A Conversation with Norm Stamper, Former Seattle Police Chief

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Image Courtesy of Norm Stamper

Who polices the police? According to Norm Stamper, former Seattle police chief, the community.

On April 5, at 7 p.m. in the SURC Ballroom, Stamper will give a talk titled “Community Policing in the Age of Police Militarization” about the importance of community involvement in policing on local, national and global levels.

Stamper was a career cop, serving on both the San Diego and Seattle police forces for a total of over 30 years that stepped down from the position of Seattle Police Chief in 2000 following his hotly contested use of aggressive policing tactics, including tear gas, on protesters at the WTO riots in 1998.

Since his retirement, Stamper has advocated for revision in policing, including an end to The War on Drugs and a denouncement of increasing police militarization.

CWU HYPE Staff exchanged emails with Stamper to get some insight into his coming talk, what it will touch on, why it’s important to him, and why it may be important to you, too.

What will your talk, “Community Policing in the Age of Police Militarization” touch on?

The current state of community policing in America, the drug war and the damage it’s done to individuals, families, communities, as well as the costs to community-police relations and civil liberties. The spate of controversial police shootings and in-custody deaths at the hands of police. What we can do to strengthen constitutional policing at the community level.

Why are those topics important to you personally? 

I’ve spent my entire adult life as a cop or, as a consultant-trainer-expert witness, studying and commenting upon police policies and practices. I’ve witnessed the demoralizing effects of police misconduct on good cops, and seen damage done to the reputation of entire organizations caused by poorly trained or undisciplined individuals. It’s also heartening when I see community and police come together to police a city’s neighborhoods, and build a strong, mutually trusting relationship.

Why do you feel those topics are, or should be, important to the students and faculty at CWU?

I think it’s important to all Americans who value freedom, civil liberties, and safe communities to band together, with their police, to make that all happen. By definition, students, including those at CWU, are all about intellectual curiosity, and the search for answers to problems within their chose discipline. For those who’ve been disturbed by controversial shootings, and/or policing’s overly aggressive, militarized response to political protest–or who have been bothered by the tactics of the protestors themselves–the topic couldn’t be more relevant.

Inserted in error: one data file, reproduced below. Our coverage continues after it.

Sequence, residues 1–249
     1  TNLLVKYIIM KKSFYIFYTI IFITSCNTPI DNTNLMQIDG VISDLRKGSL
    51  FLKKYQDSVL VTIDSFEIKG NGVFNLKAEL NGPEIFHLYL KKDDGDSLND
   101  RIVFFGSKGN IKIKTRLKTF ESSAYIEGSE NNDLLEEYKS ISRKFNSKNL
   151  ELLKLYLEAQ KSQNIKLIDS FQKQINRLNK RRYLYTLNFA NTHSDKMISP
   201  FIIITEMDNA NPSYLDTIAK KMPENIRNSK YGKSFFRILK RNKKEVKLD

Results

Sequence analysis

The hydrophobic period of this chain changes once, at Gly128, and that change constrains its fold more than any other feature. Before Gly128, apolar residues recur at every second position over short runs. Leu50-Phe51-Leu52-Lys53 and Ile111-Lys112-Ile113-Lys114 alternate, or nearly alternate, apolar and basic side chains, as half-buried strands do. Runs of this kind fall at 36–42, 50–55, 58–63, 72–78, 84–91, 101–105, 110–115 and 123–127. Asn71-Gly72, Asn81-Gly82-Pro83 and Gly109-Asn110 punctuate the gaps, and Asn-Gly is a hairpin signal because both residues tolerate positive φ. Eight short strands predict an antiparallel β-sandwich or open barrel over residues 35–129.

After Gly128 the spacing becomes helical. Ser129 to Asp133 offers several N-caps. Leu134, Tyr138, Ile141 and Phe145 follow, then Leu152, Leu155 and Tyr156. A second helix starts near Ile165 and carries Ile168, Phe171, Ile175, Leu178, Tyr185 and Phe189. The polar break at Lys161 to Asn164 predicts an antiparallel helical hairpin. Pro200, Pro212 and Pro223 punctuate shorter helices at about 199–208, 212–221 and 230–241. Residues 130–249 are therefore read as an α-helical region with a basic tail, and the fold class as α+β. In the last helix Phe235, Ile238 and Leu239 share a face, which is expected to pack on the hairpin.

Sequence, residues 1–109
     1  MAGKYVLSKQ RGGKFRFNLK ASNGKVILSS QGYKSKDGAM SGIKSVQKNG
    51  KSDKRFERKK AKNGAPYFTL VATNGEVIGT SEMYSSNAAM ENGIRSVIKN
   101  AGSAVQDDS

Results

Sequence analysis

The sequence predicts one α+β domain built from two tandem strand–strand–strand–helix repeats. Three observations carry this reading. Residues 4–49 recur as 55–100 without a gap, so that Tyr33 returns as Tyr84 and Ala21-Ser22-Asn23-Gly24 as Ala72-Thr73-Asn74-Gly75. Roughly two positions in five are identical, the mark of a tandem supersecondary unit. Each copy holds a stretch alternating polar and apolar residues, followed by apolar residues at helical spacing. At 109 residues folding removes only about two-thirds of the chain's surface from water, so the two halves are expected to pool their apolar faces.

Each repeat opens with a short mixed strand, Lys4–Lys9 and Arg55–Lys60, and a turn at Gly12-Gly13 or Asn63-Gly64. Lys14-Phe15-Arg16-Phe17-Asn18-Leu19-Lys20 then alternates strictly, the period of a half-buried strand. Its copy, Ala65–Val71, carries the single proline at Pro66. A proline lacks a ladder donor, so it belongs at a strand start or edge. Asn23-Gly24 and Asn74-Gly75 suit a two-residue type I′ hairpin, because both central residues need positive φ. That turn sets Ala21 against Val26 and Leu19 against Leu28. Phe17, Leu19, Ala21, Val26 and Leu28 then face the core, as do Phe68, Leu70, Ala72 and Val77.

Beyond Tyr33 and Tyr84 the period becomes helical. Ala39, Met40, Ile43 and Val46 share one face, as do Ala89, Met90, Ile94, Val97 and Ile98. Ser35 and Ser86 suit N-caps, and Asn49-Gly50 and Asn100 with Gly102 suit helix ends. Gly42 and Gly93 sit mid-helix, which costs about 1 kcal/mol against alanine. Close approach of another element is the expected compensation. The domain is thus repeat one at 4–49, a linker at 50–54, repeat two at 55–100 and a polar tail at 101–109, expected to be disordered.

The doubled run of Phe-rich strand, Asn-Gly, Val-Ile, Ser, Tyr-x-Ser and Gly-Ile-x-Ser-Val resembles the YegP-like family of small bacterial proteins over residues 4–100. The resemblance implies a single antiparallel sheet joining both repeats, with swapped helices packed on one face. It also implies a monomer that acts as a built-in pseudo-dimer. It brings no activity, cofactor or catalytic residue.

Do you feel your experience in law enforcement has uniquely shaped your view on the issues of racial tension and mass incarceration from that of other, non-police, citizens? In what way? 

Yes. Like other cops, I’ve seen, up-close and personal, the harmful effects of race discrimination and mass incarceration on individuals and families, particularly in communities of color. 

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Stamper, not long before his resignation as Seattle Police Chief

Does your message differ if it is directed at college-aged people as opposed to older generations? How so?

Not really, not at all, actually. I may vary the way I approach these topics based on age or other demographic factors. But the message remains the same.

What does your message mean for small towns like Ellensburg? Or even more microcosmically, for college campuses like CWU?

I think smaller towns, and college campuses generally have an advantage in identifying, analyzing, and developing remedies for social problems in their “own backyard.” It’s a function of scale, really, and diversity (or lack thereof, a problem in itself). Generally, the smaller the political jurisdiction, the less complex its social, economic, demographic variables, the more likely it is — in theory — to reach consensus. Again, if guided by the “wrong” values (nativistic, racist, misogynist, homophobic, exclusionary, etc.), any community, large or small, is likely to reach agreements that, in my opinion, are unhealthy if not dangerous…and quite possibly unlawful. Fortunately, from my visits to your town, your university, that does not describe Ellensburg or CWU, though there are challenges in every community

What do you hope attendees walk away knowing or feeling after your speech? 

That the police belong to the people, not the other way around. That a strong, authentic partnership between the community and the police will create safer, healthier neighborhoods, improve officer safety and morale, and help to guarantee constitutional law enforcement.

Stamper’s talk will be immediately followed by a Q & A with students. The event is free, open to the public and is sponsored by the College of Arts and Humanities.

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